“Titanic.” We’ve all seen it and enjoyed watching the ill-fated love affair between Rose and Jack develop during the course of an over-length movie. We watched Rose grapple with the tough decisions between living up to others’ expectations and following her heart. We rooted Rose on as she decided to spurn her high-society fiancé and defy her mother to be with her true love. And, in a true Hollywood twist of fate (spoiler alert!), we watched in horror as Rose’s happiness is shattered when Jack slowly sinks to the bottom of the ocean.

However, the most compelling scene of the movie takes place at the very end, when the camera pans Rose’s room and we see that, after she survived the Titanic and lost the love of her life, Rose went on to live a full life. She married and had children, who gave her beautiful grandchildren. She learned to ride a horse even though Jack was not there to teach her. And Rose likely refined her spitting technique to be truly award worthy (and note, we did not say “like a man”). In other words, Rose experienced a number of highs and lows in her life. She faced many difficult decisions and things didn’t always work out the way she expected or wanted, but she kept moving forward.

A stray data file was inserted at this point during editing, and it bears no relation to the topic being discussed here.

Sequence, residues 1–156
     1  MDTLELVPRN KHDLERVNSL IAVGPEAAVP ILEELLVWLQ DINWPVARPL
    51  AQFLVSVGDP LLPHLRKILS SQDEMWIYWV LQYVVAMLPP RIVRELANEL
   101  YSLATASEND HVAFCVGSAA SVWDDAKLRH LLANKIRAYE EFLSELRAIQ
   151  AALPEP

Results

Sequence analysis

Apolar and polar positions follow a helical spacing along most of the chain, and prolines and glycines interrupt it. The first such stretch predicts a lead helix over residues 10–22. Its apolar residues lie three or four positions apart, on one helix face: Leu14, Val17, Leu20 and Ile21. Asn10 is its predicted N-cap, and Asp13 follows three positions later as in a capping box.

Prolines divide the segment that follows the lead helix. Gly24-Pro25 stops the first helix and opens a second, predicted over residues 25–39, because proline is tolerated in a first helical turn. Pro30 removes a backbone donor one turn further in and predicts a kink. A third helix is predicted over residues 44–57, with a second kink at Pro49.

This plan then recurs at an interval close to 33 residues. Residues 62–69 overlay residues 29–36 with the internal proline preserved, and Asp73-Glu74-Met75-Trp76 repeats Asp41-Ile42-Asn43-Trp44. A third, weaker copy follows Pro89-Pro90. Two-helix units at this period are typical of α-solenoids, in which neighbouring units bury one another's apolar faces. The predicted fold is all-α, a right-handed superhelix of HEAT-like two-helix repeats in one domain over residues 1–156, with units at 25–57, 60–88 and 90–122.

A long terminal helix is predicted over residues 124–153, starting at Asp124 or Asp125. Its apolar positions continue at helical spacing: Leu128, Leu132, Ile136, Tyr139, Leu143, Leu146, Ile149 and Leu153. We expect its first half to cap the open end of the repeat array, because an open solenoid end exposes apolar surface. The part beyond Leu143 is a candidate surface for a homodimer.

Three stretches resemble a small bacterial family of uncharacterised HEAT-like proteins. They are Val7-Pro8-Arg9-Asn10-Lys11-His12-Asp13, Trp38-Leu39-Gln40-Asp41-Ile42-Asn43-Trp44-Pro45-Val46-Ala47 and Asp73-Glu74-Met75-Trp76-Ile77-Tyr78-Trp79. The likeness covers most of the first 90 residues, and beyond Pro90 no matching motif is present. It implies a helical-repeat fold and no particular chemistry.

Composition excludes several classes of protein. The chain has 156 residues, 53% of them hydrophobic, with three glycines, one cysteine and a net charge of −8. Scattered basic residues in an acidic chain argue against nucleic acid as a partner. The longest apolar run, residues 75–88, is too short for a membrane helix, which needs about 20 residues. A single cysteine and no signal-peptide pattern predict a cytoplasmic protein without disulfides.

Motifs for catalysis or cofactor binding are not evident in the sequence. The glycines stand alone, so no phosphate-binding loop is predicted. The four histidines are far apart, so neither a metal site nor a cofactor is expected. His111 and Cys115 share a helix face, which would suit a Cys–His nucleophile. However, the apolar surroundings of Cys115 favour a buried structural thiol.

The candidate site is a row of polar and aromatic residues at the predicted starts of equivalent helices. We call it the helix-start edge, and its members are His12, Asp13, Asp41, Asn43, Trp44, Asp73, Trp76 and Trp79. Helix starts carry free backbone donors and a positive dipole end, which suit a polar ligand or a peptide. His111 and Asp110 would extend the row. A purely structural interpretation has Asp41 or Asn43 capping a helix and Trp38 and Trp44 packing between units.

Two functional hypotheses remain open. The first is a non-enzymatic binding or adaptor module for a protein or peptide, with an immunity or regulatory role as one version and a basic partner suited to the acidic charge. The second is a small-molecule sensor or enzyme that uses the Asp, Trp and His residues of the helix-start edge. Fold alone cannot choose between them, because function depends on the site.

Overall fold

Over the past decade, low interest rates and a  string of pro-lender bankruptcy decisions on  make-whole provisions—a type of contractual prepayment penalty that offers yield protection to a lender in the event of debtor’s early repayment—have resulted in the increasing prevalence of make-wholes in commercial loan  documents and bond indentures, particularly in the distressed lending arena. A debtor’s make-whole obligations are typically substantial and often threaten to overwhelm the claims pool in a Chapter 11 case and significantly dilute potential distributions to general unsecured creditors. With lenders (both secured and unsecured) in recent cases seeking to recover hundreds of millions of dollars in make-whole amounts, these provisions have quickly garnered multi-faceted, high-stakes challenges by creditors’ committees and other constituencies in Chapter 11 cases. The Fifth Circuit’s January 2019 decision in Ultra Petroleum,1 which strongly suggests that make-whole provisions constitute unmatured interest, is a positive development for trade creditors that may benefit from the disallowance of such claims under the Bankruptcy Code.